In between countries - the North Atlantic
I pretty much feel that the end result of this project is a part of pushing mankind forward. But then once in a while someone proves me wrong.
Look at it like this; it only takes a few days to actually summit Mt Everest. History tells us that it was done for the very first time in 1953. But today, decades later, the summit has been reached several thousand times. It's been reached by the blind, by the old, by whoever has enough money.
Only 8 men have been to the moon since the first visit in 1969. But no one has traveled to every single country in the world in a single journey, without flight. However; we are about to change that - right? So what is the point someone might ask? Well, what was the point of reaching the summit of Everest? Why run a marathon? Why get up in the morning at all? What is the meaning of life?
Have you ever seen a deer bungyjump? Probably not. No deer ever climbed a tall tree with a bungy cord around its neck while the remaining deer stared dumbfounded at it. Through observation you will discover that deer pretty much do what they did thousand of years ago. But humans...now that's a completely different story. The progress is racing ahead as we sit here. I think that proves to show that as a race we are capable of being more tomorrow then we were today. Does that then obligate us?
Onboard 'Steffen C' (the name is the owner's son)
I finally boarded the 'Steffen C' in Nuuk and left Greenland. I was completely surprised to experience that the shrimp trawler left 1 day ahead of the scheduled time. So I kind of lost 1 day - but having spent more than 2 months in Greenland that wasn't an issue. I would however have liked to have better time to thank everyone and say goodbye.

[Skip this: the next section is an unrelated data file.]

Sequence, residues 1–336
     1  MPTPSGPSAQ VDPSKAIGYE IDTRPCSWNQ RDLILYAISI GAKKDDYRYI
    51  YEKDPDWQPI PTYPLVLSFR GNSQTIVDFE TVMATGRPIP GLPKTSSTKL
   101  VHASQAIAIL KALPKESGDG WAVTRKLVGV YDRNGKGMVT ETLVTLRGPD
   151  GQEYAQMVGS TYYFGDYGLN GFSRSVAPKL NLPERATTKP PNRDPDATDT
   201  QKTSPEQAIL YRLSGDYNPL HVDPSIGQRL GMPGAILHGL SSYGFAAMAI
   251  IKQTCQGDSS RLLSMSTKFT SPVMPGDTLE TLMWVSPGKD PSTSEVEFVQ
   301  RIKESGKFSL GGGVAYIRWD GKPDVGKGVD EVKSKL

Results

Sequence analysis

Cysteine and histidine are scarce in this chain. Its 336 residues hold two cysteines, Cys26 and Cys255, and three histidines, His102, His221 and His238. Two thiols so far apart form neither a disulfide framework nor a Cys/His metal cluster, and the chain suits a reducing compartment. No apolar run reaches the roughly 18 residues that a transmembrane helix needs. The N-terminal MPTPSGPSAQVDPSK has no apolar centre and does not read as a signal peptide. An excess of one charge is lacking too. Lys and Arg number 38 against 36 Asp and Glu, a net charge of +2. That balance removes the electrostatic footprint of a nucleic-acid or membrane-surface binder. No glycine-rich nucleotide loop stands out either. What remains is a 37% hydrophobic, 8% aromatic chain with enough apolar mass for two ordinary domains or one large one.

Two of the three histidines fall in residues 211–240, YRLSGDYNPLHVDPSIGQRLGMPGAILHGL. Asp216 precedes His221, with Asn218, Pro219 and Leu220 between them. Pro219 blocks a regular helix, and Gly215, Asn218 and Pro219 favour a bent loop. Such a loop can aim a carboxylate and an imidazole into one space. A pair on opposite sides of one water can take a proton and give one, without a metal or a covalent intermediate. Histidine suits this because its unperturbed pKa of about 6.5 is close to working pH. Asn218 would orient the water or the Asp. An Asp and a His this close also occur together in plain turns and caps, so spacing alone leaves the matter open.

Hanging with Peter, a philosopher and friend
My one of a kind girlfriend came to visit me in Greenland and through her I realized how well I had gotten to know Nuuk. I admit that having that much time without a real purpose did drive me somewhat bored. But as young I was always told that only stupid people are bored so I raced around inventing new ideas for what to do. I have met A LOT OF people in Greenland. And I have had countless of short conversations with people who started to engage me with a "hi" and a smile. Often I couldn't figure out if I had met them before, if they knew me from the news, if they found the project on Facebook and knew me from that - or if this was our first time meeting. I have opened a lot of doors in Nuuk and entered a lot of rooms. It got to a point where I would pretty much visit the police just to say: "hi, so...what are you up to?".
Hanging with the Chief of police
I feel absolutely privileged for the kindness that so many have shown me. All the invitations, conversations, laughs, experiences and openness. I have had an absolutely unique window of which I was blessed to look through, observe and learn. I have a little "Greenland" in my heart and it makes me sad to see the harmful aspects of what isn't working but it brings me immense joy to know that so much is working so well. You haven't been to every country in the world until you've visited Greenland.
Hanging with Rune Klan